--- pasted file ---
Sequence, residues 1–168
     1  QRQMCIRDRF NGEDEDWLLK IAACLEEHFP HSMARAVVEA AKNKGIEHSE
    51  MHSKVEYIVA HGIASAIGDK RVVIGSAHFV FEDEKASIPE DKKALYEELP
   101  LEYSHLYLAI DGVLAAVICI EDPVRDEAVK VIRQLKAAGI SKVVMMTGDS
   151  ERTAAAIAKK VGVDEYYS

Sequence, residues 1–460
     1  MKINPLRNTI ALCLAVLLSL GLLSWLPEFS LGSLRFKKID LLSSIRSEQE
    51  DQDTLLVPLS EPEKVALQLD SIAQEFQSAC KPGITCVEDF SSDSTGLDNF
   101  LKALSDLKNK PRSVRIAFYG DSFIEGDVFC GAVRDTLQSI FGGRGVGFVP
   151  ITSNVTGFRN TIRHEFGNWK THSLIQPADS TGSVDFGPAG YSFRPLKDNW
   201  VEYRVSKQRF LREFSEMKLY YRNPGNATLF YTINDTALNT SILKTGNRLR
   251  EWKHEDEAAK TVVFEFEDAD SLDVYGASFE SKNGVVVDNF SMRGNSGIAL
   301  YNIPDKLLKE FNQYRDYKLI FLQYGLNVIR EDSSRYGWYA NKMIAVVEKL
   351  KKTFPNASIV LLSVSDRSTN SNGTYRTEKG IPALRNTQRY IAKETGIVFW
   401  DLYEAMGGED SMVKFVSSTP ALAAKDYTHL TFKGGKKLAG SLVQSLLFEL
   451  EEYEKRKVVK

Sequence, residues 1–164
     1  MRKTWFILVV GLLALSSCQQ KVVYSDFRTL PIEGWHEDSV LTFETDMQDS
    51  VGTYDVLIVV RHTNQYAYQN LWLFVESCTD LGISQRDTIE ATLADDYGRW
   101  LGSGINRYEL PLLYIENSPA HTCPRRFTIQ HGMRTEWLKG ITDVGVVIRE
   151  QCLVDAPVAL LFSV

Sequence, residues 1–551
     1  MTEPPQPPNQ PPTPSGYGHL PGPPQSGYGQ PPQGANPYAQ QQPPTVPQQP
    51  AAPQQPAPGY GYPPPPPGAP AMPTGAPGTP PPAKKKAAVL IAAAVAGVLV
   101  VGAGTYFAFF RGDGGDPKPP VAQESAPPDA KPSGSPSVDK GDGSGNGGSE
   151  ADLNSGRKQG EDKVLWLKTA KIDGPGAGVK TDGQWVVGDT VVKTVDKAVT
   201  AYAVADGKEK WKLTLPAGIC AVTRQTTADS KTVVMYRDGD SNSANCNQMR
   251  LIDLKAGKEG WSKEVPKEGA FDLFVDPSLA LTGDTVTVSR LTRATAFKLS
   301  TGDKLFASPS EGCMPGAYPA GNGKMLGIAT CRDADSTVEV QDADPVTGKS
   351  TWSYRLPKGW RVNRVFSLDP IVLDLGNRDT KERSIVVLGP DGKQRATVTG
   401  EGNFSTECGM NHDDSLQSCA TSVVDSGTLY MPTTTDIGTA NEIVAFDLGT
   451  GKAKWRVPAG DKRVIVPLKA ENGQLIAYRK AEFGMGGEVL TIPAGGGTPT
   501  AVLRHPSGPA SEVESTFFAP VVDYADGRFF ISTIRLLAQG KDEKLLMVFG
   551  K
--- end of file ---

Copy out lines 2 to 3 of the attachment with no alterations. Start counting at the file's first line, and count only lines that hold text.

     1  QRQMCIRDRF NGEDEDWLLK IAACLEEHFP HSMARAVVEA AKNKGIEHSE
    51  MHSKVEYIVA HGIASAIGDK RVVIGSAHFV FEDEKASIPE DKKALYEELP